Hiking in Sedona: Sugarloaf Summits

We arrived in West Sedona in the middle of the afternoon after a beautiful morning in Grand Canyon National Park hiking the South Kaibab Trail and cruising Desert View Drive.

I have wanted to explore Sedona for a long time, but this was not the time to do it. We drove through downtown on our way to our contactless AirBnB in West Sedona, and we were shocked at the traffic and crowds. Hopefully some day we can safely return and check out all of the amazing restaurants and nearby adventures!

Instead, we decided to drop off our things and walk to the nearby Thunder Mountain trailhead for a short hike around the 4,649-foot Little Sugarloaf mountain.

At least I thought that was what we were going to do!

We got to the trailhead, found our way to the Lower Chimney Rock trail, which circles Little Sugarloaf mountain, and then Brian decided we should actually scramble to the summit. The summit was only about 300 feet of gain, but I didn’t have my hiking poles and wasn’t sure about sliding back down the rocks without some support!

He convinced me otherwise, and before I knew it we were on top of the small mountain featured in the photos below, looking out across the gorgeous red rocks.

From the summit, we could very clearly see Chimney Rock – the namesake of our trail – which is featured in the bottom picture of the next set of photos. Brian kept waiting for the clouds to part so he could catch a view with the spires lit by the waning sunlight.

There was a group of teens also at the summit, hanging out and waiting for sunset. I’m sure it’s an amazing place to watch the sun go down, but we were trying to keep our distance so we simply took some pictures, enjoyed the views, and then slowly clamored back down to the trail.

The rest of our hike around the base of the mountain was relatively uneventful, and the 1.8-mile trip, with our quick summit scramble, only took about an hour. It was the perfect way to see the area and get a little exercise before we retired to our AirBnB for dinner and a night in.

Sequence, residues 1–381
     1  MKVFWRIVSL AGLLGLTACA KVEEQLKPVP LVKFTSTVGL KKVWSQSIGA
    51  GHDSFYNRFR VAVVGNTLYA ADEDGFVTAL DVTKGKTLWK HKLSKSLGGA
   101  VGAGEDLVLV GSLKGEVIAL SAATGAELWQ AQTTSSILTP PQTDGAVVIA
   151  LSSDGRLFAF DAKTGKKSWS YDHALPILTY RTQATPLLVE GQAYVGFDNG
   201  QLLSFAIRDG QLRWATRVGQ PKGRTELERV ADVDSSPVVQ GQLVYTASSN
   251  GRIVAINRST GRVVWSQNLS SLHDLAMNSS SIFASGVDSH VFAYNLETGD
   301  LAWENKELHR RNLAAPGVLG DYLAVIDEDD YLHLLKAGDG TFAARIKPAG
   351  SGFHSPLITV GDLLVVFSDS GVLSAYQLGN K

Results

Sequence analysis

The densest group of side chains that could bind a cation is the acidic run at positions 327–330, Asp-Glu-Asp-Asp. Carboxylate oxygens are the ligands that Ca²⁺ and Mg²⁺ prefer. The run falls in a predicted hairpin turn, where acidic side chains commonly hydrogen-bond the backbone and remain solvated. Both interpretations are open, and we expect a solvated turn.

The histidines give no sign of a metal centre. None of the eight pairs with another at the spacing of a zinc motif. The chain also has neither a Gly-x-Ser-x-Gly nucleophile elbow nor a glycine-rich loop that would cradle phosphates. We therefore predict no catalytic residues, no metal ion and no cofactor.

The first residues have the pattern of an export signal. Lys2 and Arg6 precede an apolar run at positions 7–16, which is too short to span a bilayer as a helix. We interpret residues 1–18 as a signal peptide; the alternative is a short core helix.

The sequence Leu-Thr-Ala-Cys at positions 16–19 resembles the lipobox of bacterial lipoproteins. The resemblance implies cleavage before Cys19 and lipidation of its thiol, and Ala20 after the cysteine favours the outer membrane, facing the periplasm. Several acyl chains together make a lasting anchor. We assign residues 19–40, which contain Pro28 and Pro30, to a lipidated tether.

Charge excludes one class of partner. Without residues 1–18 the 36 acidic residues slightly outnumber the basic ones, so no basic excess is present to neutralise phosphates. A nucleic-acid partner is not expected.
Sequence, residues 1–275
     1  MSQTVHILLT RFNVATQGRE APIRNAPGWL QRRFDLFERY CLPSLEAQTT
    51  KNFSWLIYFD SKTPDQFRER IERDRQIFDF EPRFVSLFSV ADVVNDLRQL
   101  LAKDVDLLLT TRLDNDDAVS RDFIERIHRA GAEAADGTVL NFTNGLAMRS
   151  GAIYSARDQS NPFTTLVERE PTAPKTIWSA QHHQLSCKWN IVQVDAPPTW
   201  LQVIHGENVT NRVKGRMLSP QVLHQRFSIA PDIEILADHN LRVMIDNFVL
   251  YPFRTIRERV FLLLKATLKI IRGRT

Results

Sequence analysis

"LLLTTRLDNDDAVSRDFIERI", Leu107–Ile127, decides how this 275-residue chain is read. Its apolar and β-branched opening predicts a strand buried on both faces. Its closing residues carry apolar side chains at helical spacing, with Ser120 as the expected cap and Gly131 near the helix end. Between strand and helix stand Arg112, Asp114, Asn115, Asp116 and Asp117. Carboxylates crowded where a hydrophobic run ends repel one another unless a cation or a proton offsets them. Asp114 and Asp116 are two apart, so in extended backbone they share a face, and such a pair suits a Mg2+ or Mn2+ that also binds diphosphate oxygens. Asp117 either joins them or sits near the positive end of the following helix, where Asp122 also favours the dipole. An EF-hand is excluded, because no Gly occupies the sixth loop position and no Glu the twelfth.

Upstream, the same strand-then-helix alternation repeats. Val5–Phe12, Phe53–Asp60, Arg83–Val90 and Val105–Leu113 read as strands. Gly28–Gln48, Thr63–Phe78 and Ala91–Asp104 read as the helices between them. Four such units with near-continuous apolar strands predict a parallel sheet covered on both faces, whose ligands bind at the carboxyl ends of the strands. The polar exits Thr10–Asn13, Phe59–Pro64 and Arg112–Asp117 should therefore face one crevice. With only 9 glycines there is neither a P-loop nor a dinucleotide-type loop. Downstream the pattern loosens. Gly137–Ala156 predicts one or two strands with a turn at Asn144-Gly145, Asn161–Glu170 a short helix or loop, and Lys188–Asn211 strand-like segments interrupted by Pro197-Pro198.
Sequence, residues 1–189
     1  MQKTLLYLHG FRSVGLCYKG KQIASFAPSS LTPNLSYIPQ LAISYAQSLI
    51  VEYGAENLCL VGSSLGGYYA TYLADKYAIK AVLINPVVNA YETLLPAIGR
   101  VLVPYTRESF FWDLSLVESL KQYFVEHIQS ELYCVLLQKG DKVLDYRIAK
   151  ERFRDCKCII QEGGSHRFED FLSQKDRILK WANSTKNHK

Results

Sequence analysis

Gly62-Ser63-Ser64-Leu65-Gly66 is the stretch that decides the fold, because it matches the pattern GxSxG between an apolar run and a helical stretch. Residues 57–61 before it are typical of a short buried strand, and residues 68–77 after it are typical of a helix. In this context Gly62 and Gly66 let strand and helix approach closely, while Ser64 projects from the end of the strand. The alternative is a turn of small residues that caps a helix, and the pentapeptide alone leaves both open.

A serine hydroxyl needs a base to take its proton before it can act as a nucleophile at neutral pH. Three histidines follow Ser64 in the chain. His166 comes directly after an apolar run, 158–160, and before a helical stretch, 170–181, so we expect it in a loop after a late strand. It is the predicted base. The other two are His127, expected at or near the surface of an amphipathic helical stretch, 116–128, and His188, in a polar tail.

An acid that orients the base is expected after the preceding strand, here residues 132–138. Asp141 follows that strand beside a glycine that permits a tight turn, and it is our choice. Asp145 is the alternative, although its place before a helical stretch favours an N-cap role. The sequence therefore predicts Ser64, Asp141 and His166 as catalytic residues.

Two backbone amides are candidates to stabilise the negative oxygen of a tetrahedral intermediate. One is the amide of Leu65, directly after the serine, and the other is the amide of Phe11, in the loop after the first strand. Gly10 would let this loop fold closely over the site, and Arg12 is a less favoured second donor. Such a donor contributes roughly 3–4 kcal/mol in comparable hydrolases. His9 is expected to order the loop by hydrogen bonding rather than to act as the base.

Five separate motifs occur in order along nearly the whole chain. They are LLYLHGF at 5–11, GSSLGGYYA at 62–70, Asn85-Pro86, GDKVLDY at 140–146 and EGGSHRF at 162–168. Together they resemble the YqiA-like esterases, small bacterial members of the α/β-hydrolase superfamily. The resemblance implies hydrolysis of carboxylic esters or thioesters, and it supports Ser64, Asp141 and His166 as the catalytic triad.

The next morning we drove to the nearby Sugarloaf Trailhead to summit and then hike around the 4,872-foot Sugarloaf Mountain.

As we reached the summit, the clouds lifted over the nearby mountains, revealing bright blue skies.

In the other direction, I was thrilled to see colorful hot air balloons slowing rising into the air, backdropped by a snow-scattered mountain range.

There was no one else on the summit, but we did pass a couple of people climbing up as we were headed down.

It was a relatively quiet hike around the base of the summit, although we did notice quite a bit of traffic noise from the nearby residential area, including the incessant beeping of garbage trucks. It was kind of an odd experience since we were surrounded by the mountain and couldn’t see what was causing all of the racket in the midst of this beautiful natural area!

Overall our hike ended up being just over two miles roundtrip with 287 feet of gain, and it took us about an hour.

Regardless of your skill level, there are tons of easy hikes through the red rocks of Sedona. I can’t wait to return post-COVID-19 to explore downtown and tackle some more challenging hikes!

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